Bangladesh agrees with Myanmar to complete Rohingya return in two years

Some of the refugees have been living in Bangladesh for many years but the repatriation agreement only covers those who have arrived since October 2016
Bangladesh, Myanmar plan Rohingya repatriation in 2 years
Author

20 January, 2018

It said they agreed that the process "would be completed preferably within two years from the commencement of repatriation".

"The agreement stigmatizes the Rohingya people as would-be terrorists and includes unrealistic demands that these people, who fled for their lives with no possessions, show proof of residency to the very government that denied them of their citizenship, making it hard for them to believe that they will be protected upon returning home. Bangladesh and Myanmar recently discussed and finalised the text (of the agreement) to facilitate the return of the Rohingyas from Bangladesh", he said.

Myanmar officials plan to start the repatriation process next Tuesday. Our experiences on the ground tell us that it is unlikely that Rohingya refugees will leave camps in Bangladesh if they face uncertainty about whether they or their families will be subjected to violence, abuse, and rape back in Myanmar.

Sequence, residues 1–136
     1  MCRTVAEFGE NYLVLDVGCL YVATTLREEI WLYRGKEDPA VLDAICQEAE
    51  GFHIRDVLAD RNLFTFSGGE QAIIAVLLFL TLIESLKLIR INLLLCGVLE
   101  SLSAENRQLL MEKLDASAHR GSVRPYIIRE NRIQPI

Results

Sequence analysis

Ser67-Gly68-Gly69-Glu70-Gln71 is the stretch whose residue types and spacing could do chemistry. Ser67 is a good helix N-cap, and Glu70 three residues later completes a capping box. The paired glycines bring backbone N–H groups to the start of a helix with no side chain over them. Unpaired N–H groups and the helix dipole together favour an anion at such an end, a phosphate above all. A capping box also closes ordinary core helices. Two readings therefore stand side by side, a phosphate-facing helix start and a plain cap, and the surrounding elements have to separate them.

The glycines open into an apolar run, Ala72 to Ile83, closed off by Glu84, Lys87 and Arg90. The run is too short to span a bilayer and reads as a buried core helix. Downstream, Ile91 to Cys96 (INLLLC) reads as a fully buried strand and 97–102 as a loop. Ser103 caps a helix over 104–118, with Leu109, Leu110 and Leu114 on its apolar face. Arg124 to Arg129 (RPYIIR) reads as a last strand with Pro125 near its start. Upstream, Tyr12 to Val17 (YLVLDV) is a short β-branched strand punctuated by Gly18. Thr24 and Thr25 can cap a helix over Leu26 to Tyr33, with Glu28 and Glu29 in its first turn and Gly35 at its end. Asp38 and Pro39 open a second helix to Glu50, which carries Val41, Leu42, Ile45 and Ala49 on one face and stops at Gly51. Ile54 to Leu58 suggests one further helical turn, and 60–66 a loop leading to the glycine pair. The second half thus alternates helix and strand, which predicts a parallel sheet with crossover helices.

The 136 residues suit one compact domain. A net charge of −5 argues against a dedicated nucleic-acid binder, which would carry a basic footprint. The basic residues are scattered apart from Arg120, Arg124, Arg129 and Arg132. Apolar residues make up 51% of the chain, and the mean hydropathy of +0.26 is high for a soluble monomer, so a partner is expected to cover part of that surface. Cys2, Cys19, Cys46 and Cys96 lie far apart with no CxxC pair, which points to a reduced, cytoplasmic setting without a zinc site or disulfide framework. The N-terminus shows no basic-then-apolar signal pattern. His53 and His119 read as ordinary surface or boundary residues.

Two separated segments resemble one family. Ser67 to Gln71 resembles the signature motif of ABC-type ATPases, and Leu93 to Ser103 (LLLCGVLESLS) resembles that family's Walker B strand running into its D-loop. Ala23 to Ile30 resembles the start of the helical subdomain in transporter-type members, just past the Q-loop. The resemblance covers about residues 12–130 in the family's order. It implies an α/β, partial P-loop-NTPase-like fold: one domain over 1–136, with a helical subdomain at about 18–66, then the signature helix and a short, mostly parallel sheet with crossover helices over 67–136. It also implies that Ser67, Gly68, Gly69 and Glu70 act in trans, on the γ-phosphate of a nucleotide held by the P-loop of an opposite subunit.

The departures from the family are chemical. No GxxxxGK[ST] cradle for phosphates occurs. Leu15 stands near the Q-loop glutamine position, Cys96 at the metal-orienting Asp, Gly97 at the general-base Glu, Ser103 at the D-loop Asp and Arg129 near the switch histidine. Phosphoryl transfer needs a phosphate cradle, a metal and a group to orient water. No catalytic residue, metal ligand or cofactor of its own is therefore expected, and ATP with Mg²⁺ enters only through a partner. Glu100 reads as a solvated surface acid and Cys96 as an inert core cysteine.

A spokesperson from the un high commission for refugees said Myanmar also needed to address the underlying causes of the crisis and that refugees should only return when they feel it is safe for them.

The victims were members of the Rakhine ethnic group, many of whom have forced about 700,000 Rohingya out of their villages and into Bangladesh.

"Myanmar has reiterated its commitment to stop outflow of Myanmar residents to Bangladesh", it said.

More news: Camila Cabello Says Fifth Harmony's 2017 VMA Performance Was 'Petty'

Tuesday's meeting at Myanmar's capital Naypyitaw was the first by a joint working group set up to hammer out the details of the November repatriation agreement.

The military denies ethnic cleansing, saying its security forces had mounted legitimate counter-insurgency clearance operations.

Myint Kyaing, permanent secretary at Myanmar's Ministry of Labour, Immigration and Population, told Reuters earlier this month Myanmar would be ready to begin processing least 150 people a day through each of the two camps by January 23.

According to a Wednesday evening bulletin by the state broadcaster Myanmar Radio, Aye Maung had told a crowd that Myanmar's Bamar majority regarded Rakhine people as slaves and did not grant them equal rights.

Myanmar, however, wanted Bangladesh to take preventive measures against possible Rohingya attacks and said it gave Dhaka a list with the names of 1,000 alleged militants.


More news